Saturday, August 11, 2012

Hassle-free Travel between JFK to Manhattan

A taxi to JFK is a fast, convenient and sometimes
reasonable way to get to the airport
(© Andrew K. Stauffer, )

New Yorkers have the following old joke:

Lost tourist: How do you get to Carnegie Hall?

Man on street: Practice. Practice. Practice.

With practice and planning, we now have options in traveling from Midtown Manhattan to John F. Kennedy (JFK) Airport: personal car, taxi and the Long Island Rail Road (LIRR)/Air Train combination.

Choosing car, cab or train depends on your schedule, number of travelers and budget. When we traveled between midtown and JFK in January, there were three of us and a large suitcase. Compared to the cost of three one-way tickets on the LIRR and Air Train, the taxi cost was reasonable, the service more convenient. Coming back, with two of us and no baggage, the Air Train was as convenient as the taxi and less costly.

Here’s how the options stack up:

Personal Car: If you already have a car in the city, this can be a reasonable option. The costs include tolls if you use the Queens-Midtown or Brooklyn Battery Tunnel and, possibly, short-term parking.

JFK has limited automobile access from the Van Wyck Expressway to the north and the Belt Parkway to the west and east. In rush hour, both roads clog up. Limited routes and rush hour traffic require planning enough time to get there.

If you go to JFK for a passenger pick-up, you can park in short-term parking or use the recently opened “cell phone parking lot,” at the Federal Circle exit, near the airport entrance.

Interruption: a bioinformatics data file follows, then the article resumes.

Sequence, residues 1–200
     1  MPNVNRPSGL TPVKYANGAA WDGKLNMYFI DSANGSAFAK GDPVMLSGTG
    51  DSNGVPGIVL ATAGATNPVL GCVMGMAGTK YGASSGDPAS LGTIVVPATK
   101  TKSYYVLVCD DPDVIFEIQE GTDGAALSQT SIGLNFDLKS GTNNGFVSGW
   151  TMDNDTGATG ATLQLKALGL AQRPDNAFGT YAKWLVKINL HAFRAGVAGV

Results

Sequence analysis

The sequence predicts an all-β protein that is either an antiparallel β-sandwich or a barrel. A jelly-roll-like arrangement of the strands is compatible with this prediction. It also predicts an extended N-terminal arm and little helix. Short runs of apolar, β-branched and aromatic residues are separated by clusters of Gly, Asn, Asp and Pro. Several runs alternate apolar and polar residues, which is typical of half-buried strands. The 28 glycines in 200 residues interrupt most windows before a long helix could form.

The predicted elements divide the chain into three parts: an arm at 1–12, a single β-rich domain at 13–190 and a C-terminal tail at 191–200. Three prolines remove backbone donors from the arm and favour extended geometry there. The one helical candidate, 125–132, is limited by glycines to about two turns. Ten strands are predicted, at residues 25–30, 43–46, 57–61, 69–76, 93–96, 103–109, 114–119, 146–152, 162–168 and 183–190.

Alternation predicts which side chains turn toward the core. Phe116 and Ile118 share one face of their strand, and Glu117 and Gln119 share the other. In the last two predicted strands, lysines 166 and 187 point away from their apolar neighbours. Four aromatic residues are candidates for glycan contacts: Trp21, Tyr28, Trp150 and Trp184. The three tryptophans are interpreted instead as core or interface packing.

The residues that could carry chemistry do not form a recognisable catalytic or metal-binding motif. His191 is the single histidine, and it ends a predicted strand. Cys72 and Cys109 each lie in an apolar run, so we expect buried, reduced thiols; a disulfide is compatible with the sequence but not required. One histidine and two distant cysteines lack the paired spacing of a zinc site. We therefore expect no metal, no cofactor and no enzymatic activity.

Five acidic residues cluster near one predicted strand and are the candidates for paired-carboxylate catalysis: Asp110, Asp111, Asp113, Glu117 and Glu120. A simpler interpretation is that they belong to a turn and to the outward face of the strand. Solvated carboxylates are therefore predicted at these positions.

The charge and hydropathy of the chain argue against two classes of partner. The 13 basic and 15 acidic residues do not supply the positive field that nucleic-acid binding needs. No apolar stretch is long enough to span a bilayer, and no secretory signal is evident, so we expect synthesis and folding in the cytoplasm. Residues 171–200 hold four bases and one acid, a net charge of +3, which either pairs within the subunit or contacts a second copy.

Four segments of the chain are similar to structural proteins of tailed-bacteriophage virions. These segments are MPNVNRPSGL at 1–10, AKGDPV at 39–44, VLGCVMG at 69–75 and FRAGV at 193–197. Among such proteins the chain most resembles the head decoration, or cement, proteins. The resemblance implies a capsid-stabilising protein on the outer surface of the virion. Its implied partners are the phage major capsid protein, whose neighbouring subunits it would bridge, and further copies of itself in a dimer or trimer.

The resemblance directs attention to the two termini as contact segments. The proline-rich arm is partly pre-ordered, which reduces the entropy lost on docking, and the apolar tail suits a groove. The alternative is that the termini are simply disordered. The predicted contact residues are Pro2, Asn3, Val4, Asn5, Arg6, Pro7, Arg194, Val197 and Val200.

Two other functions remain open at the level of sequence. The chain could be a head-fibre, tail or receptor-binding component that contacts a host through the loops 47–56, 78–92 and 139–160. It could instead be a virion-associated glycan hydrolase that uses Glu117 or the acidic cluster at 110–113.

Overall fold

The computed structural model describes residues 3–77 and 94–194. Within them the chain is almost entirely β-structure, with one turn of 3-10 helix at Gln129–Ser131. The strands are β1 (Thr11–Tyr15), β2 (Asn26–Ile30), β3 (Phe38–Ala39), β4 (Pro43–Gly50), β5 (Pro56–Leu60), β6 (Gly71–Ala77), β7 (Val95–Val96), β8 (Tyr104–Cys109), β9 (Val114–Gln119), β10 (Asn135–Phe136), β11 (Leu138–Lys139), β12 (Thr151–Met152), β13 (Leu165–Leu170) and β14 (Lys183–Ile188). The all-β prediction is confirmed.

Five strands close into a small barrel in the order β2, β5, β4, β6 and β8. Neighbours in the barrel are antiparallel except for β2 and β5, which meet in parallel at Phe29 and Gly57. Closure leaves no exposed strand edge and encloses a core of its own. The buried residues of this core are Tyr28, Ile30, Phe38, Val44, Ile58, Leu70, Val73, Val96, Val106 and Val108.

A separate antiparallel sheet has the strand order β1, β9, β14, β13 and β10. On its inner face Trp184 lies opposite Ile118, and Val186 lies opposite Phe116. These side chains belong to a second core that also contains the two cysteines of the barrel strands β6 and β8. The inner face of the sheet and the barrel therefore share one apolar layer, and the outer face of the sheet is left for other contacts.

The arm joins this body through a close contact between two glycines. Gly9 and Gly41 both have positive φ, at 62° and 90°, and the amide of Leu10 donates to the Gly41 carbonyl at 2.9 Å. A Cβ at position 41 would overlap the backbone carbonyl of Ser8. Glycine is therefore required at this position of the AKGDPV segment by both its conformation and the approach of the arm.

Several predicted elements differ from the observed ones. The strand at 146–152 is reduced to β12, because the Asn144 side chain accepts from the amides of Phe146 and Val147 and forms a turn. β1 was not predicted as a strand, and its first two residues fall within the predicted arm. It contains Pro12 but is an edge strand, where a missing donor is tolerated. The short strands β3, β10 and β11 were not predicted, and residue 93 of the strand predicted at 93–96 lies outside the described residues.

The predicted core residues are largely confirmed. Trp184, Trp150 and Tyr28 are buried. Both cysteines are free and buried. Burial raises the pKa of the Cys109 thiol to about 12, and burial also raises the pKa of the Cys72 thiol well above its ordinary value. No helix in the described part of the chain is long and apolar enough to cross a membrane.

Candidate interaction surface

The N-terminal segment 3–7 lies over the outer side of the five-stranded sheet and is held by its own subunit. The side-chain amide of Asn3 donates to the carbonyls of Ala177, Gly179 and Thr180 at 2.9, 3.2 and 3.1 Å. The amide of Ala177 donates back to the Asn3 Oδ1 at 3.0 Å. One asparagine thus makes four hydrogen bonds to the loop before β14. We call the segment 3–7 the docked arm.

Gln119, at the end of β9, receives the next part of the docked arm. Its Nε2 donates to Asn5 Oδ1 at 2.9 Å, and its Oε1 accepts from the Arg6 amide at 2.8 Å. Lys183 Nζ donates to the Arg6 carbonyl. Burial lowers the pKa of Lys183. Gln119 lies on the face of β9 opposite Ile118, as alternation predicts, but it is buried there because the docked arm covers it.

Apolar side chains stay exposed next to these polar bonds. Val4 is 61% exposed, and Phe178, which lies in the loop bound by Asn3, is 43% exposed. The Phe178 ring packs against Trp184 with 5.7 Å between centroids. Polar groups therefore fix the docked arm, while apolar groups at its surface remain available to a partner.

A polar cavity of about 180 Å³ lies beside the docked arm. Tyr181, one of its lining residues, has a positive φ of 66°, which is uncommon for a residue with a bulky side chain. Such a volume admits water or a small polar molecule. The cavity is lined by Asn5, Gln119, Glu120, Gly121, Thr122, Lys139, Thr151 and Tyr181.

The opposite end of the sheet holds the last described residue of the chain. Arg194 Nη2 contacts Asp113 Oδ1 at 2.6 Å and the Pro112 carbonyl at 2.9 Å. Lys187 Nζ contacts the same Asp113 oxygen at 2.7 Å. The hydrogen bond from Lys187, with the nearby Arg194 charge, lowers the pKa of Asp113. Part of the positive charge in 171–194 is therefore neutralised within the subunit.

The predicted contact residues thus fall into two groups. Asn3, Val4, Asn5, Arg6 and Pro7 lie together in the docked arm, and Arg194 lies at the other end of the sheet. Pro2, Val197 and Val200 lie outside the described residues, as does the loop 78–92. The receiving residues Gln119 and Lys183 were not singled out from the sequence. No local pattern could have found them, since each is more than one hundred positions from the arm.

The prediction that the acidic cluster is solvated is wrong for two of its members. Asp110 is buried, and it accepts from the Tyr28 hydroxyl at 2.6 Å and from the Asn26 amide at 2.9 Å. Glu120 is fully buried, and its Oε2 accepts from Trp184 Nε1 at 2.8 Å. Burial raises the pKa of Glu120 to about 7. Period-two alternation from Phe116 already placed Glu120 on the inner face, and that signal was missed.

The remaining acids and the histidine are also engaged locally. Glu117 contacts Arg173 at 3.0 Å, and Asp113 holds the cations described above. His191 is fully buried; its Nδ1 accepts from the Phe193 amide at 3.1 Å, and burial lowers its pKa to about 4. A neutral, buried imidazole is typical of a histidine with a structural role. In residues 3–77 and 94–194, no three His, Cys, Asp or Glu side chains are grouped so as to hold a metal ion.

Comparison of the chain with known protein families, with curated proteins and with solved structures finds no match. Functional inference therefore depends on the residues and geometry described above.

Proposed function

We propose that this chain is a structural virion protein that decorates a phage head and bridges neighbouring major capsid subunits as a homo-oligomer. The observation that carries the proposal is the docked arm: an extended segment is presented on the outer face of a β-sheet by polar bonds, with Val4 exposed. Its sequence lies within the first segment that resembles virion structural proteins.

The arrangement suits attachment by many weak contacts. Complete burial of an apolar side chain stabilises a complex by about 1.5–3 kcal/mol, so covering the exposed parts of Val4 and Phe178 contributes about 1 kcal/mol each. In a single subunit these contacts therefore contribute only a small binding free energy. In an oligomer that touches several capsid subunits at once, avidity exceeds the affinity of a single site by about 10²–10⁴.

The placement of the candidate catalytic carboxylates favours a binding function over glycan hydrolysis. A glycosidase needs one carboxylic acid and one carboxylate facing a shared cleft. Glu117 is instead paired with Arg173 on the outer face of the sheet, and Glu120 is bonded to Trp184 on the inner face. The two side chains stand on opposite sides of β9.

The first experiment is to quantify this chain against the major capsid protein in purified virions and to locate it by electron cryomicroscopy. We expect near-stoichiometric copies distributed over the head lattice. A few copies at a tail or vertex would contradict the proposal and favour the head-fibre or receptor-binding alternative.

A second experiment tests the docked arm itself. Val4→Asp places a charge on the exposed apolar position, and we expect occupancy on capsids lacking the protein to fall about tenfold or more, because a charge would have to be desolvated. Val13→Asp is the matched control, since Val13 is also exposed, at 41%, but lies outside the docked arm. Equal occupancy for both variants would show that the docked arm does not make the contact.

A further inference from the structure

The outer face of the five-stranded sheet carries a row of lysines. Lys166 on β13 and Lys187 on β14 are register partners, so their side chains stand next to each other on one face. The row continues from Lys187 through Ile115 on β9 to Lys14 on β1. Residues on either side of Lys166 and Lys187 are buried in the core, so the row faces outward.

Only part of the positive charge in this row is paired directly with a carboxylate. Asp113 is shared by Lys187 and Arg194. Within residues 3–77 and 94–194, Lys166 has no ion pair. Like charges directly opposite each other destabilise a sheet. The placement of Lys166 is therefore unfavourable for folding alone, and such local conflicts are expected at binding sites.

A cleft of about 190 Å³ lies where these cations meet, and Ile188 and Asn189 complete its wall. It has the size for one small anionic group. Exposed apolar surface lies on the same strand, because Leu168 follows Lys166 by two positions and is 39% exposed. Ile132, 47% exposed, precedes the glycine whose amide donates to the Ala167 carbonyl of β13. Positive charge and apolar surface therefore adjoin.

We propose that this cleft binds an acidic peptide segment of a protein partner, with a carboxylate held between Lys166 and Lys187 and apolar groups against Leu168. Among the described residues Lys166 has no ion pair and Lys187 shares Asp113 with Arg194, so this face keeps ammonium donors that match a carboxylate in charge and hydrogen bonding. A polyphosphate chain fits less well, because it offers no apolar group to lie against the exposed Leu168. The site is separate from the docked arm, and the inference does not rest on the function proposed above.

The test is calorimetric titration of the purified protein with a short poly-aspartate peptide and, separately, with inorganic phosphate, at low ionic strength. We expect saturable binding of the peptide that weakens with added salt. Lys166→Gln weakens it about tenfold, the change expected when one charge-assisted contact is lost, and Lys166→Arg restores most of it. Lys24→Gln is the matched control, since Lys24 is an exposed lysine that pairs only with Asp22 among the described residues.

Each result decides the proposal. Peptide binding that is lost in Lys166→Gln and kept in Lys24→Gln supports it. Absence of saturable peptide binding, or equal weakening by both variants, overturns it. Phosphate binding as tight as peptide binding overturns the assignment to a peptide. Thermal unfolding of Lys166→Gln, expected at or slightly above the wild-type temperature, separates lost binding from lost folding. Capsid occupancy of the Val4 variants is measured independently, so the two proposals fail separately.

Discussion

When your traveler is ready for pick up, he or she calls from the curb and you then go get them. If you try this plan, take time before arriving at the airport to learn where the flight is arriving, there are many terminals, and where arriving flight pick-ups are.

With two people available, one person can wait at the terminal for a welcome and helping out. The other drives back to the cell phone parking lot and waits for the call.

Taxi: The fares are $45 now, plus tolls and tip, if any (no surcharges apply, and there is no luggage charge in NYC) for any trips to OR from JFK and anywhere in Manhattan, or $52 starting September 4, 2012.

When we took the cab in January, it was clean; the driver was alert, careful fast. The big suitcase fit nicely in the trunk. The cab dropped us right at “departing flights” at our terminal.

If you leave from a hotel, hotel staff may push you to use a car service instead of a taxi. Car services are not constrained by a flat fare and you could pay significantly more.

Here is the Long Island Railroad station at Jamaica, where rail travelers can transfer to and from the Air Train
(Photograph courtesy of MTA Long Island Railroad)
 Air Train: This is a combination of LIRR and Port Authority rail service between Penn Station, at 33rd Street and 7th Avenue, and JFK. There is also a less expensive subway/Air Train connection, but it takes longer and may be more complicated for people new to the subway.

The Air Train is a set of computer-guided rail coaches that go between airport terminals, rental car offices and parking lots - - and the LIRR’s Jamaica station in Queens.

On the trip where we took the taxi out to Kennedy, we returned via Air Train. The walk from the Jet Blue terminal to the Air Train station took five to 10 minutes. It was speeded along with moving sidewalks and was in a covered, climate-controlled walkway.

The Air Train and LIRR trains run relatively frequently. Both services are clean, well-lighted and felt safe at 9 PM on a Sunday evening.

You pay the $5.00 Air Train fare when leaving the train at Jamaica or the stations in JFK. Staff will help with ticket machines; it is possible to buy an Air Train/LIRR pass, which saves a few dollars.

Once you pay the fare, you walk one or two minutes and are in Jamaica station. The LIRR takes about 15 minutes to get to Penn Station from there.

LIRR/Air Train pricing may be confusing. The price depends on whether you travel on a week day or the week-end - - or peak/off-peak. A one way Air Train/LIRR ticket ranges from $8.75 to over $13.00. The Port Authority website explains fares. The Long Island Railroad website also includes pricing information.

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